I am horribly impatient and can't stand the (for me subjectively long) delay of around 2 seconds after entering an incorrect password in the login screen or also as sudo password, before I can retry typing it correctly.

Is there a way to modify the delay and reduce it to around half a second or turn it completely off, both for sudo and the login screen?

The optimal solution would include a longer delay after maybe 3 or 5 incorrect passwords, to still prevent brute-forcing.

PS: I am currently using vanilla Ubuntu 16.04 with Unity Desktop and lightdm.


3 Answers 3


In Ubuntu, to remove the delay for incorrect passwords in the terminal, edit the file common-auth found in the folder /etc/pam.d.

sudo nano /etc/pam.d/common-auth

Then add the string nodelay to the end of the line

auth    [success=1 default=ignore]      pam_unix.so nullok_secure

so that it says

auth    [success=1 default=ignore]      pam_unix.so nullok_secure nodelay

Then save the file with nano by pressing Ctrl+X, Y, Enter.

If you want to instead change the delay, first do the step above and remove the delay completely. Then add the following line to the same file before the line you altered above:

auth       optional     pam_faildelay.so  delay=500000

This will be the first uncommented line of the file. If you add this line after the first line you edited, then it won't work.

Now you can edit the delay value to whatever you want. I put a half second like you wanted.

  • This works, but I would rather like a short (or even incremental, but I doubt this is possible without oversized effort) delay than zero. Thanks for your answer anyway, I'll accept it if nothing better comes up within the next days.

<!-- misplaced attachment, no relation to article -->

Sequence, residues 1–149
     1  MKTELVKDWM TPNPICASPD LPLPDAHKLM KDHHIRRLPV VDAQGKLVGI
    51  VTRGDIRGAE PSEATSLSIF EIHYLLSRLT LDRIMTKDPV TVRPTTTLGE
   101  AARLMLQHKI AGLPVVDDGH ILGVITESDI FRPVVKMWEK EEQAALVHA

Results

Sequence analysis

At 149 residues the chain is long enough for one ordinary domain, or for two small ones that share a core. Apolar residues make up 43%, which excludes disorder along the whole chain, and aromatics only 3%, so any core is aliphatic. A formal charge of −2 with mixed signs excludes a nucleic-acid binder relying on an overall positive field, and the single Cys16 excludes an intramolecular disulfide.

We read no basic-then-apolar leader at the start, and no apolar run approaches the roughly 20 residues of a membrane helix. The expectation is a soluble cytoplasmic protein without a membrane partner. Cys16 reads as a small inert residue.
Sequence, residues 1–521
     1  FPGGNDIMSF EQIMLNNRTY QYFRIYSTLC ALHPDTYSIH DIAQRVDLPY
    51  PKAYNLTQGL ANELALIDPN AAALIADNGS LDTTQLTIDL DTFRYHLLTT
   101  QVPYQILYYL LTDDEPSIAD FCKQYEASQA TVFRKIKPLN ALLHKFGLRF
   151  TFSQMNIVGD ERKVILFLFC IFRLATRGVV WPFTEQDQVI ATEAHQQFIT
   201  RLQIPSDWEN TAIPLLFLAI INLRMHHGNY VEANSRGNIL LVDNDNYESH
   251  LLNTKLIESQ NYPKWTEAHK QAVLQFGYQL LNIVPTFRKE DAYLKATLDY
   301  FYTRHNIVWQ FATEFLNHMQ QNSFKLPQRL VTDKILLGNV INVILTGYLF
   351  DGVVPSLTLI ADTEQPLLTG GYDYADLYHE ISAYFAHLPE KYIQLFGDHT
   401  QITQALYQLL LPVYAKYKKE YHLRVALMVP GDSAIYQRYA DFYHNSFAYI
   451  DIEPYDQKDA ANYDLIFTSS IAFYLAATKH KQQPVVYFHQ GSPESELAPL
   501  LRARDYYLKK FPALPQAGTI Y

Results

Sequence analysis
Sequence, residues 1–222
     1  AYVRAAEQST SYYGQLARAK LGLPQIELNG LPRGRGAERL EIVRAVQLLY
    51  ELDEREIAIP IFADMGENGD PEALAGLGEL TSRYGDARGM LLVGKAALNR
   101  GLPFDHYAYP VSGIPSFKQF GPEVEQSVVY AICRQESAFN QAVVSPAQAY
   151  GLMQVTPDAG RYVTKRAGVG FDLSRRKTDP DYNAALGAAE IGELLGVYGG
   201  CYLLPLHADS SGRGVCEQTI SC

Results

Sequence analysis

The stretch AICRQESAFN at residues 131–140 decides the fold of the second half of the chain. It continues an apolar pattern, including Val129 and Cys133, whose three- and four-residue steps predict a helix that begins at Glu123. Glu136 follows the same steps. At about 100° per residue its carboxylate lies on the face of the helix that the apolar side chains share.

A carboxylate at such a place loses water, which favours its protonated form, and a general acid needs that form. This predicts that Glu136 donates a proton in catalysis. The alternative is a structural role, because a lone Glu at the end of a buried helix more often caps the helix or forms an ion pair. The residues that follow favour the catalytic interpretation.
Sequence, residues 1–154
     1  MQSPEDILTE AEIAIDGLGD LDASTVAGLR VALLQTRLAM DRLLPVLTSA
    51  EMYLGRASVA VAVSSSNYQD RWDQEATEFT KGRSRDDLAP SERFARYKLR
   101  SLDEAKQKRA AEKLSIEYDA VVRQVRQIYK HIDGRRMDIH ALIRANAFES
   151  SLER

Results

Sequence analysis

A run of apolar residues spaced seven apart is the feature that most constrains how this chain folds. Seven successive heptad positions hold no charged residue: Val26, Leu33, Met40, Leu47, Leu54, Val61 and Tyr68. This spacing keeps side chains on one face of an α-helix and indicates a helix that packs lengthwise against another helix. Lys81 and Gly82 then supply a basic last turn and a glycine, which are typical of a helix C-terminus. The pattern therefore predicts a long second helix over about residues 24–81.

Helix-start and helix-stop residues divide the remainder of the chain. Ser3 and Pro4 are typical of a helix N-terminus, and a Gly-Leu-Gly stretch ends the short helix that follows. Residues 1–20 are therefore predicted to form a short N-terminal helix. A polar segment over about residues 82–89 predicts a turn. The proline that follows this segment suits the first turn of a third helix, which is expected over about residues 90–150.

– Byte Commander
    Jan 31, 2017 at 22:21
  • Okay, I finally figured it out. I will edit my answer to include changing the delay as well. Feb 1, 2017 at 7:19
  • Wonderful, that does exactly what I wanted. Thank you a lot. :)
    – Byte Commander
    Feb 1, 2017 at 10:29
  • Note also that this requires a reboot.
    – Ray
    Mar 5, 2018 at 15:30
  • 1
    This works fine without reboot on Ubuntu 20.04, but only for the sudo command. If I log out of the graphical screen and login again, ther is still a 3s delay on a failed attempt
    – rubo77
    Jun 1, 2020 at 7:58

If you want to lower the delay rather than disabling it altogether, edit /etc/pam.d/login:

sudoedit /etc/pam.d/login

Find the line that looks like:

auth       optional   pam_faildelay.so  delay=3000000

Change the number after delay= to a smaller value, as desired.
Note that the number is in microseconds, so 1000000 is 1 second.


  • 1
    I edited the value to delay=500000 (should equal 0.5s) and rebooted, but the change had no effect on the lightdm login screen. Maybe it ignores that setting and has its own configuration? It is also not used by sudo either.
    – Byte Commander
    Jan 31, 2017 at 21:56
  • 1
    It seems this is an outdated method. It doesn't work for me either. And, though it's not Ubuntu specifically, here are some people on stackexchange commenting about how they managed to get it to work by putting the nodelay into pam_unix.so and then afterward going to pam_faildelay.so and changing the delay. However, I tried doing it, and it didn't work for me either. Feb 1, 2017 at 6:23
  • 3
    works fine on Ubuntu 20.04 but only for the commandline- login, not for the graphical Ubuntu-Login
    – rubo77
    Jun 1, 2020 at 7:59

To get your system to ignore the default password security delay add nodelay to the /etc/pam.d/common-auth file:

Change this line:

auth    [success=1 default=ignore]      pam_unix.so nullok_secure


auth    [success=1 default=ignore]      pam_unix.so nullok_secure nodelay

Then reboot the system for it to take effect.


Formally done here /etc/login.defs but now handled by PAM in the /etc/pam.d by various configuration files.

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